Chicago Improv Veteran Recalls Storming The Beaches Of Los Angeles
By: Simon Tessmer
CHICAGO, IL—Matt Ranowski, a 37 year-old veteran of the Chicago improv scene, sat at the iO bar Monday evening and regaled patrons with a haunting account of storming the beaches of Los Angeles. Sipping his third free Corona with no intent of tipping his bartender, the bearded ComedySportz referee gave the unvarnished truth to new improv recruits of the war path he faced.
“The year was 2007, and all we had were the clothes on our backs and an organic sense of ‘yes and,’” recalled the flushed-faced bachelor. “My brothers and I finished iO’s full program together and were hot off a seven week Cage Match win-streak. We were more than teammates on Beef Wellington. I would’ve gladly laid my life on the line for any one of those seven identical straight white guys,” Ranowski reminisced, a single tear rolling down into his beard.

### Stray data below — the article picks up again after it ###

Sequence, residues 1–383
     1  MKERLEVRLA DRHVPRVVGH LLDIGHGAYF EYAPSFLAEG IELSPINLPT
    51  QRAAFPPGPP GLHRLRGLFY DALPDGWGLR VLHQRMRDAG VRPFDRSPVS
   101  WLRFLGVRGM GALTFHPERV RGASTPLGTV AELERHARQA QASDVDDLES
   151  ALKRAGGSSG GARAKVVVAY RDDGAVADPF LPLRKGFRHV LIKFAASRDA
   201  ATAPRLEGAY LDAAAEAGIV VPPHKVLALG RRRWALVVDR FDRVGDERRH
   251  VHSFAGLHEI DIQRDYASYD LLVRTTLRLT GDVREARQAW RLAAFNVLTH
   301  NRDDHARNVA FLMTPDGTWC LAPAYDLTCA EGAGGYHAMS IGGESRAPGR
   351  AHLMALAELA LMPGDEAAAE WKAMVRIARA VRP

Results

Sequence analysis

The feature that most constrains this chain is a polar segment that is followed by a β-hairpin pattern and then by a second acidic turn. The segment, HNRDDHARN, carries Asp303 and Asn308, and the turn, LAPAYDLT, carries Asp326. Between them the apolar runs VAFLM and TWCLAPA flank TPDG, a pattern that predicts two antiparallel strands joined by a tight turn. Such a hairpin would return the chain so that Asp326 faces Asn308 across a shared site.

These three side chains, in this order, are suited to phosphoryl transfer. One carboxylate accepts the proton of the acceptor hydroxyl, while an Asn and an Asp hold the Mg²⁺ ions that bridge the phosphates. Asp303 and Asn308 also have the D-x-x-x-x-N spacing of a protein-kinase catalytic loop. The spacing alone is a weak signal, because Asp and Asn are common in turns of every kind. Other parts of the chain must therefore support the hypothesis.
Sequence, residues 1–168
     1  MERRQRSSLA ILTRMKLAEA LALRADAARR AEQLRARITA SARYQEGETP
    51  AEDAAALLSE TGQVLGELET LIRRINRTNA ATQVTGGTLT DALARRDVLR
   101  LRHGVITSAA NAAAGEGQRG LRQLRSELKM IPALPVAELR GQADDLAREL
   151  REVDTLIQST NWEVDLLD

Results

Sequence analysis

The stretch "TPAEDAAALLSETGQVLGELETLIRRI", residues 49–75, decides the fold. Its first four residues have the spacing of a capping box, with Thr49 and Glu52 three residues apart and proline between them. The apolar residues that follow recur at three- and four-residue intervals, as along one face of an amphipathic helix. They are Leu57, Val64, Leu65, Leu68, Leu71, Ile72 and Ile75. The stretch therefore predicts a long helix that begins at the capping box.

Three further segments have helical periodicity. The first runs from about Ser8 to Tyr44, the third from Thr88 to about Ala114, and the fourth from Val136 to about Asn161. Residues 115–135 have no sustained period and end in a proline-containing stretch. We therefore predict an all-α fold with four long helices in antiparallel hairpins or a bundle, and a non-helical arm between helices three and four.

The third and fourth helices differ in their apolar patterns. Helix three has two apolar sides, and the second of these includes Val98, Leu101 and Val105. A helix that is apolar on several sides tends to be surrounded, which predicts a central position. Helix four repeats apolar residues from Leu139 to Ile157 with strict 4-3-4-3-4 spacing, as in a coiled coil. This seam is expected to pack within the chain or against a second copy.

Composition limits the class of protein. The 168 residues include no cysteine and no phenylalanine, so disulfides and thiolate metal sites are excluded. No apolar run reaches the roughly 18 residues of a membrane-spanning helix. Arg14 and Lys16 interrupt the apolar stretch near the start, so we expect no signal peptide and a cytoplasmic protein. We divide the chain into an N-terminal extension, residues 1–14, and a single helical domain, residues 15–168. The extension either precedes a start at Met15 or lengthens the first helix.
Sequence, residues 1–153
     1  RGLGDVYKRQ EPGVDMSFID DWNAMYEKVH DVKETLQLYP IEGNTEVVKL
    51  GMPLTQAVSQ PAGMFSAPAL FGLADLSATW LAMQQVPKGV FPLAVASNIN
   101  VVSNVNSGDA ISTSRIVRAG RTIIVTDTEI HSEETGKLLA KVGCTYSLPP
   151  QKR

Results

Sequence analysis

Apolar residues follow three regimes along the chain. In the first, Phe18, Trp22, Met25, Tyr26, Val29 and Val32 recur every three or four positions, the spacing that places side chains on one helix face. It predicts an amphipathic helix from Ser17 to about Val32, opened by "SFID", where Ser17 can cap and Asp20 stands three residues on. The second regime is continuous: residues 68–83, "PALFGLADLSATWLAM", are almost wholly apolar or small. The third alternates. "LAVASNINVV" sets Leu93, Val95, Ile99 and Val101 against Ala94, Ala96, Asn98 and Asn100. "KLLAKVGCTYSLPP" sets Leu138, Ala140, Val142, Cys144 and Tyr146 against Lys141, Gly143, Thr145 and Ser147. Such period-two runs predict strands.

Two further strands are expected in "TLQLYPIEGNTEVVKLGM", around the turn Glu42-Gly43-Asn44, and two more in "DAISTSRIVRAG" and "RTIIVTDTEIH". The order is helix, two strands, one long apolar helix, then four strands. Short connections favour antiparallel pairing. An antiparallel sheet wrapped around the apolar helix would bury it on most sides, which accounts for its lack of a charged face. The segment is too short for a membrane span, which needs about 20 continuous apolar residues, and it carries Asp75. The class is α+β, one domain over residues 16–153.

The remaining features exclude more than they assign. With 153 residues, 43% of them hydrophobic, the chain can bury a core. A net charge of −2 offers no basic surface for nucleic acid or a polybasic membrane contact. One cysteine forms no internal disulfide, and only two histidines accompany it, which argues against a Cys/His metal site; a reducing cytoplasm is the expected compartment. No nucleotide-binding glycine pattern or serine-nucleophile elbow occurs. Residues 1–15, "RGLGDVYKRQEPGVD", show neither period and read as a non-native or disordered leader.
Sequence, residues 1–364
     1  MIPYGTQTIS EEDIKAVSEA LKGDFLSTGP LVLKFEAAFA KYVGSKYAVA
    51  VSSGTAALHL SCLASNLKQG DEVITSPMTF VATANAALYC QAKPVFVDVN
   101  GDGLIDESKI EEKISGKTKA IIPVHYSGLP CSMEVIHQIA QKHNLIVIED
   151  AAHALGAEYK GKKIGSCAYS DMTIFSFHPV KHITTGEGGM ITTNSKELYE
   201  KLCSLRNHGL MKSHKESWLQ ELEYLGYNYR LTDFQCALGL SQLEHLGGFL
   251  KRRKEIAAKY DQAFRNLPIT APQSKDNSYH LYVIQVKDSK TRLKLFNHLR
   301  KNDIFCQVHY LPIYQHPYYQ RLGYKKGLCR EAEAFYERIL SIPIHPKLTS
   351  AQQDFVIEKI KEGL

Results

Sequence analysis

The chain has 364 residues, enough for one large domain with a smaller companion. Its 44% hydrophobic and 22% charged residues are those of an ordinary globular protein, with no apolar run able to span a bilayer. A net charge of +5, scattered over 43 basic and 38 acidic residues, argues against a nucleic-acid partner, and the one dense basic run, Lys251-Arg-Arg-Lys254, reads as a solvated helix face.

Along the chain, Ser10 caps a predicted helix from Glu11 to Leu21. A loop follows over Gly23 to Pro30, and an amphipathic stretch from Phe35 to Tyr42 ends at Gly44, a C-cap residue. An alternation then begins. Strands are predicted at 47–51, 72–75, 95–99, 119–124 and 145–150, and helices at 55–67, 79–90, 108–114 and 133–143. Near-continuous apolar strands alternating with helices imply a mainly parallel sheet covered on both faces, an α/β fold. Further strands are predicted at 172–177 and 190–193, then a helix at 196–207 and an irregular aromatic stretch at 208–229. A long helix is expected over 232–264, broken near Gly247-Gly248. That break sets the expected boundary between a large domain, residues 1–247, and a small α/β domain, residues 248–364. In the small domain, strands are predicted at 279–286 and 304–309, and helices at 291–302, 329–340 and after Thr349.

Ranowski’s drunk glassy eyes glistened further as he remembered the shattering of his naive idealism by the violent chaos of Los Angeles’ performing arts scene.
“Up was down and down was up in the claustrophobic melee of showcases, auditions, and writing packets. Though we hoped to find solace with other Chicago troupes who’d landed years previous, we encountered friendly fire in the mad scramble for stage time. We belly crawled from UCB Franklin to The Improv Space to iO West for cover, but nowhere felt safe.”
The Second City Level B instructor wept, and the room went quiet.
Ranowski grabbed the shoulders of the Level Three student he was dating. “Once you see the Hollywood sign you lose all bearing on what a grounded scene even is,” he screamed through a foaming mouth. “John Tilfer got gunned down by a staff writing gig on Cavemen, Chris McKlintock got swept away in the current of pilot season … those were good men who’ll never touch an improv stage again.”
Matt killed the remainder of his bottle, settled into a far-off stare, and lifted his shirt to reveal a Beef Wellington tattoo. “Everything you learn from your Chicago training means nothing in the real theater of comedy.”